🤓 Based on our data, we think this question is relevant for Professor Hatch's class at UMASS.

Hydraulic engineers in the United States often use, as a unit of volume of water, the acre-foot, defined as the volume of water that will cover 1 acre of land to a depth of 1 ft. A severe thunderstorm dumped 2.0 in. of rain in 30 min on a town of area 26 km^{2}. What volume of water, in acre-feet, fell on the town?

This problem is asking us to convert a volume in **inches times square kilometers** to **acre-feet**.

Whenever we convert units, the first step is to figure out what our starting and ending units are. We'll place the *starting units on the left*, an equals sign and *ending units on the right*, and some *conversion factors* in between.

Also, remember that if one of the starting units has an **exponent** (like **m**^{3} or **s**^{2}), the conversion factors for that unit __also__ need to have the ** same exponent**. For example:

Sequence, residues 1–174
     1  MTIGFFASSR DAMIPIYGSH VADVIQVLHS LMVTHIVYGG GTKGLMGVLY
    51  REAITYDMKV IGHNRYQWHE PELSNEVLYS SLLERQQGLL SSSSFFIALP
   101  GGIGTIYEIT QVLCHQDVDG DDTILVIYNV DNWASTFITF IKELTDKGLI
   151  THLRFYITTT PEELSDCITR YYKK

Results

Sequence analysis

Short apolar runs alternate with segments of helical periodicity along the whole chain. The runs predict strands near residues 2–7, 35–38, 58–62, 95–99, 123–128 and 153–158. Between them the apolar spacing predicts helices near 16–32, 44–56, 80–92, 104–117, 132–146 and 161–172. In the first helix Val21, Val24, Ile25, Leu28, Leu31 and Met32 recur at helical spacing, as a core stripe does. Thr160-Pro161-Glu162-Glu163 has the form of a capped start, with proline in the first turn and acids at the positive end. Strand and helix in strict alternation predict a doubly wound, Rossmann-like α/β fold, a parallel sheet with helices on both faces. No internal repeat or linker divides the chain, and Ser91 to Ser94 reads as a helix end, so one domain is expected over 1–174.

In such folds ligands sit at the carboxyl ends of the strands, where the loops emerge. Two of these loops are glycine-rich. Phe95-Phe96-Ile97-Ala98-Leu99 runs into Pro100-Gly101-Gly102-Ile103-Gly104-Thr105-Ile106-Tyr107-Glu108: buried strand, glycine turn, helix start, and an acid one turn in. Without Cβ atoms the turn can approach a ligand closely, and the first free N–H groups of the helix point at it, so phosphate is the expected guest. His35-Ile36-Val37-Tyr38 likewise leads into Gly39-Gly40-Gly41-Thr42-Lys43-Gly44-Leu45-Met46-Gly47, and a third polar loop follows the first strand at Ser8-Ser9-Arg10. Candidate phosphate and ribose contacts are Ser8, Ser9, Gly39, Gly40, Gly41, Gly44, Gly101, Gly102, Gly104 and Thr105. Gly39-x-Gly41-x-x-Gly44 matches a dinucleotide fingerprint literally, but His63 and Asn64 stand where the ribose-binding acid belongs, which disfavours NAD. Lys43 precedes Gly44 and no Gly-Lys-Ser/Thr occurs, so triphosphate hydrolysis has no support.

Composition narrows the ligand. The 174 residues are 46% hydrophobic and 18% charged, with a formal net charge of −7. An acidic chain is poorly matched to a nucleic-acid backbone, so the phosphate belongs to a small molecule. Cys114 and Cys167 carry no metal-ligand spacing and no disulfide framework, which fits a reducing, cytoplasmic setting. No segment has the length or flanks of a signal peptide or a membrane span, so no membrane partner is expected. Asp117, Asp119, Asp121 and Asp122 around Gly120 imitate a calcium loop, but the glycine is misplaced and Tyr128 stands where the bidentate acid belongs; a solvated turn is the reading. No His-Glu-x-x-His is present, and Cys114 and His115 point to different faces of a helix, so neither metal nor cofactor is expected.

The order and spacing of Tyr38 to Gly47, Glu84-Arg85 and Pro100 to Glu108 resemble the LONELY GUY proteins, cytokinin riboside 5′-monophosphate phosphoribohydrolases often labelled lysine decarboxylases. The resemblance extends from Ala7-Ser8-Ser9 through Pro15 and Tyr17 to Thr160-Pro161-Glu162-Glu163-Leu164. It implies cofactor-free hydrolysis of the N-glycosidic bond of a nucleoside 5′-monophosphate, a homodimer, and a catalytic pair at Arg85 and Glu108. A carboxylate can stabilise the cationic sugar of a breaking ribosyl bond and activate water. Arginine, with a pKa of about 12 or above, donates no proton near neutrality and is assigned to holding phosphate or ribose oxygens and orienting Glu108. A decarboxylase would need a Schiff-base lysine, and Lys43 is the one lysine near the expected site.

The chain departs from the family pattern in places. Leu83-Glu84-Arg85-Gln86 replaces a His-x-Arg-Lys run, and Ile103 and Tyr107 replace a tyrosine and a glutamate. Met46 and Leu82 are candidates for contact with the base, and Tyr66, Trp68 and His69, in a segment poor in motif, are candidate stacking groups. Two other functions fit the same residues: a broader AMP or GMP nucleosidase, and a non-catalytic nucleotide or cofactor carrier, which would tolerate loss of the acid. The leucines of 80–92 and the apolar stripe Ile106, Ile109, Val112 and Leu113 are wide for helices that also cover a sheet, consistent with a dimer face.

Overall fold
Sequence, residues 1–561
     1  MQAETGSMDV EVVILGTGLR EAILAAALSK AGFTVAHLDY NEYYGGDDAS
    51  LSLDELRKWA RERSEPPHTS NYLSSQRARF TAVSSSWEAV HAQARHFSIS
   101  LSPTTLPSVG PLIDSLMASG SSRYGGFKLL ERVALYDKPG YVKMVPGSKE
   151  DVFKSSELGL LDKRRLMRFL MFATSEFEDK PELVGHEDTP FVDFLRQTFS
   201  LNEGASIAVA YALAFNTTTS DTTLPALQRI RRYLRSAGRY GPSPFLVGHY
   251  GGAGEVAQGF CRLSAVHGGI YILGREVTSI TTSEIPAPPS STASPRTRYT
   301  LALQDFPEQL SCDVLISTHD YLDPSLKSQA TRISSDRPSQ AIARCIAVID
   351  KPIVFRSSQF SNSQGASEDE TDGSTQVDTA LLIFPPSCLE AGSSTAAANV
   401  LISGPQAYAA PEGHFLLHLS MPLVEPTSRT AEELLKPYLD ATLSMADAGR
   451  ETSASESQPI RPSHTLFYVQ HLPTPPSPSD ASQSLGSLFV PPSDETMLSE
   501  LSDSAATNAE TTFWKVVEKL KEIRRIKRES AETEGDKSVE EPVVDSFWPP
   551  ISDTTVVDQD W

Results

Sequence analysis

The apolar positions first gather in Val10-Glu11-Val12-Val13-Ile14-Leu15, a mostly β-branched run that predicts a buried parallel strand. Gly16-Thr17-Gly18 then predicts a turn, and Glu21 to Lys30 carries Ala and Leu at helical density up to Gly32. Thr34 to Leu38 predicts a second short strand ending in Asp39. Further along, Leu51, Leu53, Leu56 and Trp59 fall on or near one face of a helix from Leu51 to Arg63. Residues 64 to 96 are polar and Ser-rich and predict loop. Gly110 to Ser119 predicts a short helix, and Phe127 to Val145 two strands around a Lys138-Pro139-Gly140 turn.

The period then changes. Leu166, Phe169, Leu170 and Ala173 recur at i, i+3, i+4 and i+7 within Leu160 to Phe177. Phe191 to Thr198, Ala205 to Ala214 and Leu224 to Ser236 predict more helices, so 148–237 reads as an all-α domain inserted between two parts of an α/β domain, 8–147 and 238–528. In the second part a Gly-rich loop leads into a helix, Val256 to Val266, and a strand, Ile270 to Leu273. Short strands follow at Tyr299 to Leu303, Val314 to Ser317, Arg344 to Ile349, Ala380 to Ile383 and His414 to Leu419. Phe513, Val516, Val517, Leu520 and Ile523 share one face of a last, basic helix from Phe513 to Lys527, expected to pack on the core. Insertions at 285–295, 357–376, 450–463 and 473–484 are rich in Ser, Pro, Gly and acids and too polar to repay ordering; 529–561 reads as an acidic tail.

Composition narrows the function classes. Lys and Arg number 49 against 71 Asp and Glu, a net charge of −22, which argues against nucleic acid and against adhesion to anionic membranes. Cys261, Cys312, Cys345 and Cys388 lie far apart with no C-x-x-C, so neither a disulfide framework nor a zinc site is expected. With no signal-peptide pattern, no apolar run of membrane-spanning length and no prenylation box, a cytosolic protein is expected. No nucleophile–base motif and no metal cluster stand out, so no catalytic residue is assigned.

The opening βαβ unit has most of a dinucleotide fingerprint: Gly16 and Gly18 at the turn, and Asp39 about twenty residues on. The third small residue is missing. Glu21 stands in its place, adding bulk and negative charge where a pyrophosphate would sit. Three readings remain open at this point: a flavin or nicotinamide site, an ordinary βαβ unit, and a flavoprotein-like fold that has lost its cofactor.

$\left(\frac{{s}{t}{a}{r}{t}{i}{n}{g}{}{u}{n}{i}{t}}{{s}{t}{a}{r}{t}{i}{n}{g}{}{u}{n}{i}{{t}}^{{2}}}\right)\mathbf{\times}(conversionfactor)\mathbf{\times}{({c}{o}{n}{v}{e}{r}{s}{i}{o}{n}{}{f}{a}{c}{t}{o}{r})}^{\mathbf{2}}\mathbf{=}\left(\frac{{e}{n}{d}{i}{n}{g}{}{u}{n}{i}{t}}{{e}{n}{d}{i}{n}{g}{}{u}{n}{i}{{t}}^{{2}}}\right)$

The conversion factors *must* *cancel out* the starting unit and *leave* the ending unit. So to cancel out the **starting unit** in the ** numerator**, the first conversion factor must have that

The exact opposite happens with the **starting unit** in the ** denominator**. To cancel it, the second conversion factor must have that